For the past several decades, warfarin has been the go-to anticoagulant (blood thinner) for doctors, but new treatments have recently emerged in the form of direct oral anticoagulants (DOACs). This new class of anticoagulants include apixaban, betrixaban, dabigatran, edoxaban, and rivaroxaban.
NATF is dedicated to offering readers a closer look at each DOAC in order to empower patients to make informed healthcare decisions. In this issue of The Beat, NATF takes a closer look at edoxaban:
What is it?
Edoxaban, also known as Savaysa, is a blood-thinning medication used to treat or prevent blood clots from forming. It is prescribed to patients with atrial fibrillation to reduce their risk of developing stroke caused by blood clots. It is also used to treat patients with deep vein thrombosis (DVT) and pulmonary embolism (PE).
“Edoxaban is one of the new classes of blood thinners. Unlike warfarin, which has been the standard blood thinner for over half a century, edoxaban is one of the approved new agents to treat patients who either had a clot or are at risk for having a clot,” explained Dr. Christian T. Ruff, an associate physician in the Cardiovascular Division at Brigham and Women’s Hospital in Boston, MA.
How does it work?
Edoxaban is a factor Xa inhibitor, which means it blocks factor Xa in the clotting cascade.
“It works by targeting a specific protein in the clotting cascade, which is how your body forms clots,” explained Dr. Ruff. “The clotting cascade can be both good or bad. In cases of atrial fibrillation or venous thromboembolism (VTE or blood clots), we want to limit the body’s ability to form dangerous clots. Edoxaban is a factor Xa inhibitor and it inhibits a very specific clotting factor to help thin the blood.”
By blocking the factor Xa, the clotting cascade is stopped and blood is not able to form the clot.
What is unique about edoxaban?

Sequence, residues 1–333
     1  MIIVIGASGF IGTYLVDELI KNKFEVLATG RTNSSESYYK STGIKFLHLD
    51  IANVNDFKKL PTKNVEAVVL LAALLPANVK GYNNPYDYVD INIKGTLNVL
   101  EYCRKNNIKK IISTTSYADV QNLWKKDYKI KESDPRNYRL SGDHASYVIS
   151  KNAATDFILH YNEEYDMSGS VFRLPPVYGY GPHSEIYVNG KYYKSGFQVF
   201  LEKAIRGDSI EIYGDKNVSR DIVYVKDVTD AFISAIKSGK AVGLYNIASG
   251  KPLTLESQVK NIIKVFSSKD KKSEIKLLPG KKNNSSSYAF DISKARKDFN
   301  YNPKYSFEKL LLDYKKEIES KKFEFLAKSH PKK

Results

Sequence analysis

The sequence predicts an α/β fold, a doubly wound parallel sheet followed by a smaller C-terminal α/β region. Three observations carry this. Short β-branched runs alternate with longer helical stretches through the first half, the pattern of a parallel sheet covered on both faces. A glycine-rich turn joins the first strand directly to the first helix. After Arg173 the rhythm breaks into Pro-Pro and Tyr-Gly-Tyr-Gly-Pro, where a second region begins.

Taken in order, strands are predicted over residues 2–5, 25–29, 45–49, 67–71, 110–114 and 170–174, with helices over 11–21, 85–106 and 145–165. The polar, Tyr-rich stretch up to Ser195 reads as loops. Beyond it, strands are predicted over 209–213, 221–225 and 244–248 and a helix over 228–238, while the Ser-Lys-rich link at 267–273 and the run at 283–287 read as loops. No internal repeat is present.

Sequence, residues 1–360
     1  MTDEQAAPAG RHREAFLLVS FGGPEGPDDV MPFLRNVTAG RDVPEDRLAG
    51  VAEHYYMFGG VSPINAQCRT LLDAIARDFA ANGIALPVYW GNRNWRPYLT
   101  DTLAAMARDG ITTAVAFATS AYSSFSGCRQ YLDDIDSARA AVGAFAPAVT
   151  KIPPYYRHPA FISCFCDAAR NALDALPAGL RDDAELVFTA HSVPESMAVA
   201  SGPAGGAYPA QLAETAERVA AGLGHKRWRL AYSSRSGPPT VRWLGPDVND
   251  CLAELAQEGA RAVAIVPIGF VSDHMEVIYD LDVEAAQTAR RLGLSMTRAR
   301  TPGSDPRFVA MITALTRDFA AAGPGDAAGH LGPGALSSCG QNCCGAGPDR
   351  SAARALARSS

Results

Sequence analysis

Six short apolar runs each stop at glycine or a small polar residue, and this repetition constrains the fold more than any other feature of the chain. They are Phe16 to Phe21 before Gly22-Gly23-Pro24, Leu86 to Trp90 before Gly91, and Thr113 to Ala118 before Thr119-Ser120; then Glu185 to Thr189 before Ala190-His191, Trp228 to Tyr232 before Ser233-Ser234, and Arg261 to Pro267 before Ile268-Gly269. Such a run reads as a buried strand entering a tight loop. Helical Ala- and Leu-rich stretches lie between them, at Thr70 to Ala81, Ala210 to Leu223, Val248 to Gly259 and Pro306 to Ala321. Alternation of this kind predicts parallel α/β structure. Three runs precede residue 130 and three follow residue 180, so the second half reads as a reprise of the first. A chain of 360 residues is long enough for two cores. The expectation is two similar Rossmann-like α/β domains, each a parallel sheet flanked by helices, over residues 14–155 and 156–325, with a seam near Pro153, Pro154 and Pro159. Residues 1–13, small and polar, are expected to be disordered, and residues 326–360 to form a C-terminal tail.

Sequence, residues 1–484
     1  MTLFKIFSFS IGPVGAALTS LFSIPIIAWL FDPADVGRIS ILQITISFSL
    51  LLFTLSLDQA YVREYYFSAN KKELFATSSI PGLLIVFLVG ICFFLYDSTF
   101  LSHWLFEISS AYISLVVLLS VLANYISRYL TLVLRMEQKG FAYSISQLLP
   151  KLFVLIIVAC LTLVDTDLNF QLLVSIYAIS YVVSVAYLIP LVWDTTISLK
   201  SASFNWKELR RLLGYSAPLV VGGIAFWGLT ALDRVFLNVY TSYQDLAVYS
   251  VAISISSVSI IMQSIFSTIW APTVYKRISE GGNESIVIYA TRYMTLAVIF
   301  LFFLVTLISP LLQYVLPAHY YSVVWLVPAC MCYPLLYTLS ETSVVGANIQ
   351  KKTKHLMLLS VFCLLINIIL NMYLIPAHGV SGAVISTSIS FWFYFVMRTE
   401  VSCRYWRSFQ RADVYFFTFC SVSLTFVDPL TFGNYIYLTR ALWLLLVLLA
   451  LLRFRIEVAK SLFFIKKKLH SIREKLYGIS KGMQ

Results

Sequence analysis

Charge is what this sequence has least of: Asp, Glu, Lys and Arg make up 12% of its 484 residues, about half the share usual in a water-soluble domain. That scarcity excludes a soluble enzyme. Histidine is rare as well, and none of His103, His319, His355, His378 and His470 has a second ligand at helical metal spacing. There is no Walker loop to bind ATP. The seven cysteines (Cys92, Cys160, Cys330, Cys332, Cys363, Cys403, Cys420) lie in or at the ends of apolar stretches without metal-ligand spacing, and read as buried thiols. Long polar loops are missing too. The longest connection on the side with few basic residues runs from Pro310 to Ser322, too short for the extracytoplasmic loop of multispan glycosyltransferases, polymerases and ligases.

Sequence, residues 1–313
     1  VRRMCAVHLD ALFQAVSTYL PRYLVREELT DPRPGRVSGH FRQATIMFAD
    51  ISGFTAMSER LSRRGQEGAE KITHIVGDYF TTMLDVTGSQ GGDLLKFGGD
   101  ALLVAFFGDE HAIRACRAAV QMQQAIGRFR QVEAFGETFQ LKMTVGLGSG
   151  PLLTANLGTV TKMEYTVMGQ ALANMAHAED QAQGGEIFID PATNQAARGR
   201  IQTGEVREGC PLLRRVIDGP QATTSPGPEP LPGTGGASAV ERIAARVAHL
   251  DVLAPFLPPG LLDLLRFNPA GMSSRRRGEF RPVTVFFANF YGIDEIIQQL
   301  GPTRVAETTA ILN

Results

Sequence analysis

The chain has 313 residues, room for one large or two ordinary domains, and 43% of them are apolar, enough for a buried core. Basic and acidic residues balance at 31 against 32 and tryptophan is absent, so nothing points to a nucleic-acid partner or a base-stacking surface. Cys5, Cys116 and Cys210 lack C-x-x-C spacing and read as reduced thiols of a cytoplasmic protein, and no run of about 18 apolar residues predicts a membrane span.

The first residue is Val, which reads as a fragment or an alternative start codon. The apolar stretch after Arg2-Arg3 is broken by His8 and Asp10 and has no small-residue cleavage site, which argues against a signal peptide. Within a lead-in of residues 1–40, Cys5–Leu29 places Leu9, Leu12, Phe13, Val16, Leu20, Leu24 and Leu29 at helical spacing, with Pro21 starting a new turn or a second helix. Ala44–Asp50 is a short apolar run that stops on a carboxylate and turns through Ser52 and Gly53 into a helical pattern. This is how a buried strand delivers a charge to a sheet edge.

Each blood thinner has something that makes it unique and best suited for different patients.
“If you compare edoxaban to the other new agents, there are a couple of important advantages,” said Dr. Ruff. “Edoxaban has very good efficacy, similar to the other agents, but it is one of the safest of the new blood thinners with respect to major bleeding. In its pivotal trial in atrial fibrillation, it had substantially less major bleeding than warfarin. It’s one of the safest blood thinners that we have available.”
“The other nice aspect is that it has a very well-tested dose scheme,” Dr. Ruff explained. The recommended dose is 60 mg once daily, but this can be adjusted to 30 mg daily for patients who have impaired kidney function or low body weight to prevent an excess in bleeding. “We know that patients require different dosages in order to get just the right amount of blood thinner, not too much or too little. The dosing strategy as tested in the pivotal clinical trial appears to both protect patients from stroke and lower their risk of serious bleeding.”
Edoxaban is a medication that is taken once daily. For patients who have trouble taking their medication or who just prefer to only take medication once a day, this can be a major benefit.
What are the risks?
As with all blood thinners, patients on edoxaban must be aware of their increased risk for bleeding.
“We know that the only risk for edoxaban, the only safety risk, which is true for all of the blood thinners, is that it does increase your risk of bleeding,” explained Dr. Ruff. “But, there are no other major side effects of the medication and that has been tested in tens of thousands of patients.”
Dr. Ruff stressed that serious bleeding, while an important risk to know about, is fairly rare.
“The risk of serious bleeding with these medications is incredibly uncommon. At least 50% less than what we saw with warfarin,” he said. “We have to remind patients that because these drugs work by preventing clotting, it will increase their risk of nuisance bleeding, such as minor bruising or nose bleeds, and that these are not reasons to discontinue the medication.”
Patients can help manage their bleeding risk by avoiding risky behaviors, such contact sports and drinking an excess of alcohol. They should also avoid certain other drugs, such as aspirin or NSAIDs, which also increase the risk of bleeding, unless recommend by their physician.
In addition to managing their risk of bleeding, patients need to properly manage their medication in order to avoid a new blood clot. Patients on edoxaban, or any blood thinner, should never stop their medication or change their dosage without talking to their doctor first.
“If you miss even one or two doses of this medication, you are at risk for forming a clot,” emphasized Dr. Ruff.
If you believe that edoxaban may be a good fit for you, talk to your healthcare provider about your options. NATF’s Anticoagulation Comparison Chart is a great tool that you can use with your healthcare provider to discuss which anticoagulant is right for you.